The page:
Issue #4(30) 2021 Astronautics

Building space-qualified detector chips

Artist’s impression of Sentinel-5P and the Tropomi), which maps a multitude of trace gases such as nitrogen dioxide, ozone, formaldehyde, sulphur dioxide, methane, carbon monoxide and aerosols - all of which affect our health and our climate.
Artist’s impression of Sentinel-5P and the Tropomi), which maps a multitude of trace gases such as nitrogen dioxide, ozone, formaldehyde, sulphur dioxide, methane, carbon monoxide and aerosols - all of which affect our health and our climate.
Philippe Chorier Lynred, Grenoble, France

The role of space-based instruments in observing the Earth is well-known, but the key technologies behind the instruments are less well understood. Philippe Chorier describes the development of detector chips for high priority environmental and meteorological missions, in particular the importance of mercury cadmium telluride (MCT).

Our Earth is in a fragile state and severe weather is wreaking havoc. Just consider the horrendous storms that ripped through towns and villages in central Europe this summer, or the intense heat in North America that has contributed to numerous and devastating forest fires.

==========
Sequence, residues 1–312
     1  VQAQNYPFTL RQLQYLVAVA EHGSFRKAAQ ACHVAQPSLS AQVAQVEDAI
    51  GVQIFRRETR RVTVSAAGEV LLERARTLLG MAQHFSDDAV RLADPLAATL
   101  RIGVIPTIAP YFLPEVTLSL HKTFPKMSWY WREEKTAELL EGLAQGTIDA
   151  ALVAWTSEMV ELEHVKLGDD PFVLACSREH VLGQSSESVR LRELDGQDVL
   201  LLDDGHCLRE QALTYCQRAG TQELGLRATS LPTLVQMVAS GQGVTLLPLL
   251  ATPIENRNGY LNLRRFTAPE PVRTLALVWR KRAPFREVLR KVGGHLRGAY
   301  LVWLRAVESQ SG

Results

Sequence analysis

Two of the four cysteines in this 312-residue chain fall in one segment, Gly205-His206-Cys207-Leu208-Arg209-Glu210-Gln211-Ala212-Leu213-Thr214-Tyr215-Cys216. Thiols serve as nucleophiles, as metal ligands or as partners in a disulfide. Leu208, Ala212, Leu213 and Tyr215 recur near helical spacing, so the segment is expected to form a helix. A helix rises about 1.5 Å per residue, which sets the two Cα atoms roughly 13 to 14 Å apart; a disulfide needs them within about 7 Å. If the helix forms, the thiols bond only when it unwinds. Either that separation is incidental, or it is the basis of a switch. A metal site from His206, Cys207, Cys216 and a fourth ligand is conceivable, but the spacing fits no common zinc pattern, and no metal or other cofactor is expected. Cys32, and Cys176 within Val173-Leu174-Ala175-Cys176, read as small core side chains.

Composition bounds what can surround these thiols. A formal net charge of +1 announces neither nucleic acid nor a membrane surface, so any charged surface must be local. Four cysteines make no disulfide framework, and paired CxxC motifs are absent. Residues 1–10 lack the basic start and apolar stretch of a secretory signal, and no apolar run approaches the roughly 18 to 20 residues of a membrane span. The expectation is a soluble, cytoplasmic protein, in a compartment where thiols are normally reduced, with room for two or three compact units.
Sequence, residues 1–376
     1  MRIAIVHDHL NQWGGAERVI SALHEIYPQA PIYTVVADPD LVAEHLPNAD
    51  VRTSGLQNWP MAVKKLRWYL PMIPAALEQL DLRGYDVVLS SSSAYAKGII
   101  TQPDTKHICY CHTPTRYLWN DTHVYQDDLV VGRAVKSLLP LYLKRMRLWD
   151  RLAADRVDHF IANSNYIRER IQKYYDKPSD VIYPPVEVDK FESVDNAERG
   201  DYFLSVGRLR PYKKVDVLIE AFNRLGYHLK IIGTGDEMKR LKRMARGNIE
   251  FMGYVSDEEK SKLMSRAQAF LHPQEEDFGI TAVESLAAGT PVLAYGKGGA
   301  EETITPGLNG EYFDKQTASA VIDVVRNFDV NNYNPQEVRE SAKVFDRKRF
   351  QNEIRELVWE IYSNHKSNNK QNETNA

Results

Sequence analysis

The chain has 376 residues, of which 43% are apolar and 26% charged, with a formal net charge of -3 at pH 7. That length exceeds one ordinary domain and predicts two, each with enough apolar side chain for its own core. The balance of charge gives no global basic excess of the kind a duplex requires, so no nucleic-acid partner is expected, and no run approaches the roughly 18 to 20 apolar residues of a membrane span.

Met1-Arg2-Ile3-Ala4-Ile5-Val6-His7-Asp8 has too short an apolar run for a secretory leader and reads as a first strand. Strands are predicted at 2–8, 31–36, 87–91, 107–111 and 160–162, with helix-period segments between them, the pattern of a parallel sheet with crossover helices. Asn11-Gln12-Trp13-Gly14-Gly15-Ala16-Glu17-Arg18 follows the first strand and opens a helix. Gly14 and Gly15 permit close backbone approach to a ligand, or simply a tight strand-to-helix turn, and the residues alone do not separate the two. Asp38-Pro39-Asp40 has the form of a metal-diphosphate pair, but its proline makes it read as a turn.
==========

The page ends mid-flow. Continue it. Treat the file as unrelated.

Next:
Against this backdrop, the biggest concern has to be the rapid rise in carbon dioxide emissions, which is driving changes to weather patterns and threatening to make the homelands of some of the world’s poorest inhospitable. Also important, however, are the levels of ozone which protect us all from damaging UV radiation and the abundance of other greenhouse gases, such as methane.

While it is possible to measure the concentrations of these gases from sensors stationed on Earth, such an approach suffers from several significant drawbacks. Two weaknesses are the time and considerable expense associated with deploying and maintaining a vast network of terrestrial instruments; another challenge is how to monitor the atmosphere over vast expanses of sea.

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Building space-qualified detector chips